Making sense of big data – a case for simple maths

There is no denying that we’re in the midst of the age of big data. It’s impossible to ignore the fact that data volumes are growing rapidly into volumes many of us struggle to comprehend. Big data has arrived, and it's only going to get bigger as organizations find ways to collect more data about their customers. With new technologies and products arriving in the market, new data is unrelenting in its pace and volume, being created – and needed – constantly.

From personal relationships to global networks

A few decades ago, businesses may only have known their customers’ names and maybe their address. Businesses acted locally and customer service focused on personal relationships where deals were closed with a handshake.

In the years since, the emergence of the internet as a global web connecting millions of businesses to billions of consumers and leading to both transactions as well as a constant stream of information, interaction and the growth of social networks, the data underpinning all of this has exploded to a massive scale.

Organizations, no matter their size, had to invest in technology solutions to manage their new data assets and many have realized the importance of using their customer, product and market data to gain new insights that could deliver competitive advantages.

How big is big data?

As we move and operate in a digital world where every possible snippet of information is readily available at our fingertips, we often see comments on big data with authors throwing numbers around seemingly haphazardly. Millions and billions of rows of data, megabytes, gigabytes, terabytes and petabytes.

But can we actually comprehend the sheer size of these figures? Especially in relation to one another? Are they meaningless without some context?

I personally struggle to imagine 378 million rows of data, let alone 5 billion. So I thought it would be helpful to clarify how big these numbers are and put them into simple terms.

In the following examples, I compare 1 row of data to commonly used units of measurement relating to time, length and weight to make big data more understandable and relatable.

If 1 row of data were …

1 second

Imagine waking up tomorrow with a brilliant idea that could change the world. Your idea would require some research, funding and development and of course the final product would need to be brought to market to have an effect on our planet. How much time would you need?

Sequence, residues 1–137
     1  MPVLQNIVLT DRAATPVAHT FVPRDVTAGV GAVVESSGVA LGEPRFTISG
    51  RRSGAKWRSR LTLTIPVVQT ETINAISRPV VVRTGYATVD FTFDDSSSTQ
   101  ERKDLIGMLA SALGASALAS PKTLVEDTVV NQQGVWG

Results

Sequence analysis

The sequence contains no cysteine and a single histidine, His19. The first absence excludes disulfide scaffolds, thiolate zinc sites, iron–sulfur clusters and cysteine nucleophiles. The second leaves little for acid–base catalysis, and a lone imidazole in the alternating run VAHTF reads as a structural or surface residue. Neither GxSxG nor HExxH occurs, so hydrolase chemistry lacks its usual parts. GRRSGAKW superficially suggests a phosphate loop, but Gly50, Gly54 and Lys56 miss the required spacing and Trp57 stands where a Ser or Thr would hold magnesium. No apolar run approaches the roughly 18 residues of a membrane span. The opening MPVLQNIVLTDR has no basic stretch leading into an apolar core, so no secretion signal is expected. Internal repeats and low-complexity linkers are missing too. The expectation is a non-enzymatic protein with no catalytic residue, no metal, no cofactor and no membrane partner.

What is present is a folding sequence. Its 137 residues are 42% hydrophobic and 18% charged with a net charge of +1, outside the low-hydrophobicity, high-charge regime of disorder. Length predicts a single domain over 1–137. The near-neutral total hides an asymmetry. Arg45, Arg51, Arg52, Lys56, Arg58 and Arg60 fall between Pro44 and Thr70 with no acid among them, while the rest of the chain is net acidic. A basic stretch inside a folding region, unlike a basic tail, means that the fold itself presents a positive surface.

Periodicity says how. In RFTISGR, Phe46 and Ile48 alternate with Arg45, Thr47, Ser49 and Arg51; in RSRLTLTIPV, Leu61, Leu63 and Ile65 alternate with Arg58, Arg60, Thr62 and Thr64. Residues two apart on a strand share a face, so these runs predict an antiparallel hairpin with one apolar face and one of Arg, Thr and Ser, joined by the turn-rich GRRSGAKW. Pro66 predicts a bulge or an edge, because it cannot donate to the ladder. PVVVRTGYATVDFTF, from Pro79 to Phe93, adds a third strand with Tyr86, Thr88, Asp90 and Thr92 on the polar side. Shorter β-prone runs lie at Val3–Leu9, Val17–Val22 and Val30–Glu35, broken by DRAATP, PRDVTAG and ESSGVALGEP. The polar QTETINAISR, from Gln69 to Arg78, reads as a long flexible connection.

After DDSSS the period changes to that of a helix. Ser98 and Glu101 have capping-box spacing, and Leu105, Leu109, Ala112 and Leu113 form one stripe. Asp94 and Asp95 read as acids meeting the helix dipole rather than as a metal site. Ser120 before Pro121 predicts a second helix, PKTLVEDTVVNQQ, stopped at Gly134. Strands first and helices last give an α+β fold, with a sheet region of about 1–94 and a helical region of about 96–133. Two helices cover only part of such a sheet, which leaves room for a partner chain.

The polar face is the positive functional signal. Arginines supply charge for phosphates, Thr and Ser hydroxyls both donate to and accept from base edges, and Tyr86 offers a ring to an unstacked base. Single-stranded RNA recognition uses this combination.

Well, if 1 row of data were 1 second, then 1 million rows of data would give you 11 ½ days.

Not enough? Try 1 billion rows of data and you get 32 years…!

Surely that will be enough to change the world?

1 centimeter (0.4 inches)

You're an aviation engineer and want to revolutionize air travel by extending the reach of your airplanes as far as possible.

If 1 row of data were 1 cm, then 1 million rows of data would let your plane travel for 10km (6 mi). Pathetic, isn't it?

Take 1 billion rows of data and you'll get at least 10,000km (6,214 mi). That gets you from London, UK to Lima, Peru.

Let's be adventurous; let's take 5 billion rows of data: 50,000km (31,069 mi). That's quite something. Your plane could fly from London to Tokyo (Japan), from Tokyo to Houston (Texas, US), from Houston to Sydney (Australia), from Sydney to Rio de Janeiro (Brazil) and then finish the trip in Buenos Aires (Argentina) with a cold beer and a platter of empanadas, feeling very pleased with your engineering accomplishments.

That's a win for big data for sure.

100 grams (3.53 oz)

There are quite a few heavy objects in this world and mankind has created incredible structures from stone and steel over the centuries, some of which still make us speechless when we contemplate how they could even be possible...

If 1 row of data were 100g, then 2 million rows of data would amount to 200 metric tons, which equals the weight of the Statue of Liberty.

230 million rows of data would be equivalent to the Titanic. But what about billions of rows of data?

3.5 billion rows of data get you the Empire State Building. Yes, the whole building.

It's easy to get a bit lost in the millions and billions when talking about data simply because these magnitudes are so far from what we can visually and perceptually imagine.

By drawing on the comparisons above, I hope to have given you an easy way to put data volumes into perspective and to help you in your next conversation and decision-making processes around dataset size, data storage, retrieval and load.

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